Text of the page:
The body of the container is shown in FIG. 3. Flap 29 is fastened to front wall 25. The bottom flaps 30 and 32 have been turned inwardly along score line 34 and flaps 31 and 33 turned inwardly underneath them and fastened to them. As will be apparent, score line 34 is not straight but is offset slightly outwardly adjacent flaps 31 and 33. On the upper surface, closure flaps 35 and 36 are bent downwardly over the container body and closure flap 39 is then bent downwardly over the flaps and fastened to them.
The top section is shown in blank form in FIG. 2 and formed in FIG. 3. The blank 50 is divided by score lines 51, 52 and 53 into a back securing flap 54, an upper panel 55, front panel 56 and a lower securing flap 57. Side securing flaps 58 and 59 are attached to panels 55 and 56 respectively along score lines 60 and side securing flaps 61 and 62 are attached to panels 55 and 56 respectively along score line 63. In the formed container, flap 54 attaches to back wall 27, flaps 58 and 59 attach to side wall 28, flaps 61 and 62 attach to side wall 26 and flap 57 attaches to closure flaps 35 and 36. In the container shown closure flap 39 is offset from the neck portion to allow flap 57 to attach to the two lower panels 35 and 36. However, panel 39 may extend to the neck portion and completely overlie the lower panels. In this case flap 57 would attach to panel 39.
The completed container is shown in FIG. 4.
A typical compression test of two sample containers is shown in FIG. 5. In this test the container is set on a surface of the testing machine and pressure applied to surface 55. The curves plot the applied pressure versus the deflection of the container wall in inches. Using samples of 275 lb. test BC flute the maximum compression before collapse of the samples was 730 lbs. and 795 lbs. respectively.
Another approach to this type of container is shown in Bishop, U.S. Pat. No. 2,346,003 and Flynn et al, U.S. Pat. No. 3,181,768. In these, the body is a wrap-around and the L-shaped end panels are separate pieces. Potter, U.S. Pat. No. 1,188,825, shows a four-piece container in which the front panel is taped to the body of the container and the two closure sections are separate units. Cavin, U.S. Pat. No. 2,832,525, shows a two-piece container similar to the one described in the drawings 1-4; and Gibbons, U.S. Pat. No. 2,675,955, shows a two-piece container in which the neck portion is formed as a separate unit.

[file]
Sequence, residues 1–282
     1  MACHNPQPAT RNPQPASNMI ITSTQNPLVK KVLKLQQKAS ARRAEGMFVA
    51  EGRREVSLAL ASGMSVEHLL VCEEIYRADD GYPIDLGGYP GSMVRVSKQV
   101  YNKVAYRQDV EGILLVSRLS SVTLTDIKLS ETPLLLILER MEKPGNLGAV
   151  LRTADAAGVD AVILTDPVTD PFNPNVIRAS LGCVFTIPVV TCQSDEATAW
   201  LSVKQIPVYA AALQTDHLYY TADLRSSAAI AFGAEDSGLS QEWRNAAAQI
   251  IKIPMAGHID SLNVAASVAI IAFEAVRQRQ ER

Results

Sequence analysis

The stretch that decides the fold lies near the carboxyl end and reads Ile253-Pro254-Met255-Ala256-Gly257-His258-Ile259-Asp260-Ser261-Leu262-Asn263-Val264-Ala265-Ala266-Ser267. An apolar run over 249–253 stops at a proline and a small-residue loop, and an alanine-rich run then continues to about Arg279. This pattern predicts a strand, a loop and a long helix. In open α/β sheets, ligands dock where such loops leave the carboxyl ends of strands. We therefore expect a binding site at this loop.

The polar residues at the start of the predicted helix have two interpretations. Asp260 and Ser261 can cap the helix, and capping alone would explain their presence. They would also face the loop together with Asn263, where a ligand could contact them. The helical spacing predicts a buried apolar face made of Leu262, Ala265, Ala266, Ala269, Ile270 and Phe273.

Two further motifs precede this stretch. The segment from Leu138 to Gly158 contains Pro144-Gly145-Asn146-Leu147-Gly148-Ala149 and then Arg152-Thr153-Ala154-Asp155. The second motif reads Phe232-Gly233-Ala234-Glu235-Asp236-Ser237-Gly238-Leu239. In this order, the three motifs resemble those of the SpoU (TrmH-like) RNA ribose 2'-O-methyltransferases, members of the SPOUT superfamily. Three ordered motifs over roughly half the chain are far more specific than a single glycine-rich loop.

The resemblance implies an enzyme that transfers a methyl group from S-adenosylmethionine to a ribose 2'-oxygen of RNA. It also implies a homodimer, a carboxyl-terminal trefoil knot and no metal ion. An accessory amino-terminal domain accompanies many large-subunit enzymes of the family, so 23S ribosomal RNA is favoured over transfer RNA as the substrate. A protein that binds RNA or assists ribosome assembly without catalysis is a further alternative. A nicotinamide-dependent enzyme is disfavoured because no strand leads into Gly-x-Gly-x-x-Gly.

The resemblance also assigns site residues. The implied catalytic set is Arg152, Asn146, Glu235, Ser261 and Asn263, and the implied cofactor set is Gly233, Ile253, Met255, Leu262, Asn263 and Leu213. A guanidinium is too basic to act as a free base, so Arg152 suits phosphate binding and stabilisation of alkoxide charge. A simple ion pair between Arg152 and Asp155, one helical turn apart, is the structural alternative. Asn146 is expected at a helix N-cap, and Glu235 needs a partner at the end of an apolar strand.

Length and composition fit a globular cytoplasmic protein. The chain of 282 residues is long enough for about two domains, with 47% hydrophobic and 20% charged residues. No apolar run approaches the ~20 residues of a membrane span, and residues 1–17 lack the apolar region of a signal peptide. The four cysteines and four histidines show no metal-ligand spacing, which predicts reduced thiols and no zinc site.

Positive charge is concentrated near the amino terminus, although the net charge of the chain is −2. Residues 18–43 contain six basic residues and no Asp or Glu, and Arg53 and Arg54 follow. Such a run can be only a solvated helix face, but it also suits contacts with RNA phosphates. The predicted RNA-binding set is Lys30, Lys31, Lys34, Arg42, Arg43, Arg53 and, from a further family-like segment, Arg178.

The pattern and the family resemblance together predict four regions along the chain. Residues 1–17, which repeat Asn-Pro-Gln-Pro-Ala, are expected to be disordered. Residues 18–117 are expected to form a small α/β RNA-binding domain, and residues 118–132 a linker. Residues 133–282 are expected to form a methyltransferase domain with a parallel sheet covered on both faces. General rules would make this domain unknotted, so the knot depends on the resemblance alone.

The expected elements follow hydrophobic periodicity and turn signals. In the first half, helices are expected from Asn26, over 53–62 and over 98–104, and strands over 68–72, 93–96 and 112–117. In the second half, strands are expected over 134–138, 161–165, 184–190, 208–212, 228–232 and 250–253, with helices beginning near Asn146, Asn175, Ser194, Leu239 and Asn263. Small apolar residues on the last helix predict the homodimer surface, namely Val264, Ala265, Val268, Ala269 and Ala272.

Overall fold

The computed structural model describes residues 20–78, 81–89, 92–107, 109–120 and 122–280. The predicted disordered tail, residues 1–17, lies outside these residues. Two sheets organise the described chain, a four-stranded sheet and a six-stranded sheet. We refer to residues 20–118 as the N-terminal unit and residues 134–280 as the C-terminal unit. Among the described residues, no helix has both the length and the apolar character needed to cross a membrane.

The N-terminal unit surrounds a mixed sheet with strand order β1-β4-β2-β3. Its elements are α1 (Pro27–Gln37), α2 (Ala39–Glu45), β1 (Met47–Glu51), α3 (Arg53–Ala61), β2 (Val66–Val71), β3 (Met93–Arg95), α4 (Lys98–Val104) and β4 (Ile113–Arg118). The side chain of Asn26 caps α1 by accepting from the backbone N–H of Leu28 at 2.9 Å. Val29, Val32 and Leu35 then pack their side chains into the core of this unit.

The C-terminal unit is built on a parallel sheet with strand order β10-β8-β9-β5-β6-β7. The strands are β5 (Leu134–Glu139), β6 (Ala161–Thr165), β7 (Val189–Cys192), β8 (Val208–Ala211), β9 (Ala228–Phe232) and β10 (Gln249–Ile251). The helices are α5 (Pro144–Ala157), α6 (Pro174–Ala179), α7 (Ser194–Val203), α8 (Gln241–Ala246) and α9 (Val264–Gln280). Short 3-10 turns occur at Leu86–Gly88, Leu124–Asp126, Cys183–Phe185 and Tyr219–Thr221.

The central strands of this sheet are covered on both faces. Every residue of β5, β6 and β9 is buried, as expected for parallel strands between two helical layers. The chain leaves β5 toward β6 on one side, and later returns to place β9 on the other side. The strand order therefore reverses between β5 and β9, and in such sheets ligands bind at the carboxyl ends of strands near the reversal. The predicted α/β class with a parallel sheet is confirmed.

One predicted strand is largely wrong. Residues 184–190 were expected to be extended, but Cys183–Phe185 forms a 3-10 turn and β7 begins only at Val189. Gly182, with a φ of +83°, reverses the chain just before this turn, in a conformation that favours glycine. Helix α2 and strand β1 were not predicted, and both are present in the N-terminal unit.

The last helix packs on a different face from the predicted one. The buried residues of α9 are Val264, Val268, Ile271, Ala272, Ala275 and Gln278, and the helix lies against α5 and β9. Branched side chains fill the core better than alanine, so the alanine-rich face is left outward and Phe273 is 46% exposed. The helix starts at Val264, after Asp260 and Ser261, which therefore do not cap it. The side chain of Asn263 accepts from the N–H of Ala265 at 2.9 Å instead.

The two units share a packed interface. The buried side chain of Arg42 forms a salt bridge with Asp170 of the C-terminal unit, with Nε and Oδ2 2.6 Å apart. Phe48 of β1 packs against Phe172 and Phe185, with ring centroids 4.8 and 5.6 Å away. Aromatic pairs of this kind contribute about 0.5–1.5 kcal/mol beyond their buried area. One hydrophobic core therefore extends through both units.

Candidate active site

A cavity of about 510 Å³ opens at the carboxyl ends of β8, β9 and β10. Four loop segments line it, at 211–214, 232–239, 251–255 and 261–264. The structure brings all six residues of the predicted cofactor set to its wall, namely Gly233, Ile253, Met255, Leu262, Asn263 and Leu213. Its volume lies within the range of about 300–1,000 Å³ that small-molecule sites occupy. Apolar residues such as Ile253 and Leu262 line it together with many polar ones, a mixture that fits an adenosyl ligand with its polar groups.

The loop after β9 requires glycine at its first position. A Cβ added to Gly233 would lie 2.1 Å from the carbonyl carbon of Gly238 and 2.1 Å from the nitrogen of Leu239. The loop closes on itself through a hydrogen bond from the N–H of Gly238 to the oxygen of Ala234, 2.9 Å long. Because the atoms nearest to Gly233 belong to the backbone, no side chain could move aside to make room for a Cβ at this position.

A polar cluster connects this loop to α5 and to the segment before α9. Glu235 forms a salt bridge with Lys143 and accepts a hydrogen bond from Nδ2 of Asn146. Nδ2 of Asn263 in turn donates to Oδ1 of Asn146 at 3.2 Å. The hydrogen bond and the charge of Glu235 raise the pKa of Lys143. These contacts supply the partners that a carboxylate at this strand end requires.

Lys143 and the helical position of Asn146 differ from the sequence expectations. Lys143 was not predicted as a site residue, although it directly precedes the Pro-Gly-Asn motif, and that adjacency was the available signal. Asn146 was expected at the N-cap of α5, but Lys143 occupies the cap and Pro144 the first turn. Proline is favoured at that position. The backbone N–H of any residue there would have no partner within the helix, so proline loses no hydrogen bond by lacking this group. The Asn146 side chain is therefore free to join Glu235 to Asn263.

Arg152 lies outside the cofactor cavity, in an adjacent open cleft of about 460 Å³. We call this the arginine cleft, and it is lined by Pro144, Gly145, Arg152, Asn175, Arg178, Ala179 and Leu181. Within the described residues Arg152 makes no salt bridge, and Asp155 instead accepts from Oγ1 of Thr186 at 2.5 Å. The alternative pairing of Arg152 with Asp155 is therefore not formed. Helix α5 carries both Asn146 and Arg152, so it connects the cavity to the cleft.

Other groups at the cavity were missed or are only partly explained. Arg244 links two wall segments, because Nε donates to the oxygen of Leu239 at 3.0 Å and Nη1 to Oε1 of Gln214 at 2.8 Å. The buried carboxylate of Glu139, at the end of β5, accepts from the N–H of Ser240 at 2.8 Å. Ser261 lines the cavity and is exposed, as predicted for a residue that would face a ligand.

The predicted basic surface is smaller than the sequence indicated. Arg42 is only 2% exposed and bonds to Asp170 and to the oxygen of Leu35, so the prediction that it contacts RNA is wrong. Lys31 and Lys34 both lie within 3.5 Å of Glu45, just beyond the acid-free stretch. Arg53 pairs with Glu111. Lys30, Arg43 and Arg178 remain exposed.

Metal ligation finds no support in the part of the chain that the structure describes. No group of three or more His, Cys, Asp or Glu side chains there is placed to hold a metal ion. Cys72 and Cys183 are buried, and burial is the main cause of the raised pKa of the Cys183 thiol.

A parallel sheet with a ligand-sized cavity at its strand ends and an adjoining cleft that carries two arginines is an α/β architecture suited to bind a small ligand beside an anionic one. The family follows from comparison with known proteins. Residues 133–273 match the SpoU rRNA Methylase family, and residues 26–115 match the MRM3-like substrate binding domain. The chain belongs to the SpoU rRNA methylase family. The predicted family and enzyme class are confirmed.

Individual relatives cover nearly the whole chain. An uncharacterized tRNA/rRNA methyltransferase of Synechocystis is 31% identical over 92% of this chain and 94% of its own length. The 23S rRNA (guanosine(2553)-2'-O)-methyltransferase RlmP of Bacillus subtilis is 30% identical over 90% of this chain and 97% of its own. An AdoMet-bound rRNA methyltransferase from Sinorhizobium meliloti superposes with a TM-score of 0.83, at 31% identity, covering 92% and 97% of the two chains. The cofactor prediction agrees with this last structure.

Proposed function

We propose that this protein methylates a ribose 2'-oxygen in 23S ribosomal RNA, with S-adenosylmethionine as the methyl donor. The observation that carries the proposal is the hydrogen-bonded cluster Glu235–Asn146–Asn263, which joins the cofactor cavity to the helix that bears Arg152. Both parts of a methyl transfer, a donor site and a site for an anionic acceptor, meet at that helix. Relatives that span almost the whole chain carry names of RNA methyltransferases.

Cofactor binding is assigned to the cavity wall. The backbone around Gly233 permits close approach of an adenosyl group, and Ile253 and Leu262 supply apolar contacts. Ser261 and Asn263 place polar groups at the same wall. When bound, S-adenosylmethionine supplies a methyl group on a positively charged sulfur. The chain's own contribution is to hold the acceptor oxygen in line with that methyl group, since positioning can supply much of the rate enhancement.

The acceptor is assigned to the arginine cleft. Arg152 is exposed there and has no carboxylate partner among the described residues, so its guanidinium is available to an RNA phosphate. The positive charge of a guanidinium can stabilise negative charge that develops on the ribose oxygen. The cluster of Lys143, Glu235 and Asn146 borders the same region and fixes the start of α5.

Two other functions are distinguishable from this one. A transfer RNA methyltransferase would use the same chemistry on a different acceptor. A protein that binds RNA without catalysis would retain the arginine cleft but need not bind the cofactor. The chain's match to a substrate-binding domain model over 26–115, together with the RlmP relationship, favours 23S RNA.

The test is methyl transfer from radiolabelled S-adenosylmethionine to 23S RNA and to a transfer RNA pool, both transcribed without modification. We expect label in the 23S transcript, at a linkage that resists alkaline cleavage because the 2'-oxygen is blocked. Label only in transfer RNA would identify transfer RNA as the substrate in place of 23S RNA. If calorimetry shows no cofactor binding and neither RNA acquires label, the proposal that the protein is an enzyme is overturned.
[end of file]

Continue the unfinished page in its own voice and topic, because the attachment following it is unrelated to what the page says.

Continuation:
A container for shipping lavatories is shown in Osborne U.S. Pat. No. 1,131,948. However, the side panels in the osborne container are not L-shaped. The flaps on the back panels are used to obtain an L-shape over a slight portion of the entire container. Consequently, there is no reinforcement of the critical upper section of this package.
The present invention is also a two-piece corrugated container for packaging furniture, specifically chairs or davenports, and has substantially L-shaped sidewalls and a stairstep configuration. However, the back panel in the present invention is separate and attaches, by side flaps, to both of the L-shaped side walls along the neck portion of the side wall for the entire height of the side wall. The top panel and front panel of the neck portion of the container are attached to the back panel and are also attached to the side walls by side flaps.
This construction allows a container with a much higher resistance to compression for the same flute size.
FIGS. 1-5 illustrate a prior art container and compression test data therefor.
FIG. 6 shows a top plan view of the blank of the front section of the container.
FIG. 7 is a top plan view of the blank of the back section of the container.
FIG. 8 is an isometric exploded view of the finished container.
FIGS. 9 and 10 are isometric views of the container in various stages of closure.
FIG. 11 is an isometric view of the closed container.
FIGS. 12-15 are graphs of compression tests of the container formed of different flute configurations.
FIG. 16 is a top plan view of a modified blank of the wall section of the container.
The front section blank 80 is divided by score lines 81 and 82 into a generally L-shaped side wall 83, a front wall 84, and a generally L-shaped side wall 85. Bottom flaps 86, 87 and 88 are attached respectively to side wall 83, front wall 84 and side wall 85 along score line 89. Body closure flaps 90 and 91 are attached respectively to side walls 83 and 85 along score lines 92 and 93. Body closure flap 94 is attached to front wall 84 along score line 95. The blank in FIG. 6 also has a score line 96 which has no structural purpose and in fact creates a weakness in the container. This construction is shown because the compression tests described later were made on containers having this score line. Generally L-shaped side wall 83 has an upwardly extending neck portion 97 adjacent its rear edge, and generally L-shaped side wall 85 has an upwardly extending neck portion 98 adjacent to its rear edge.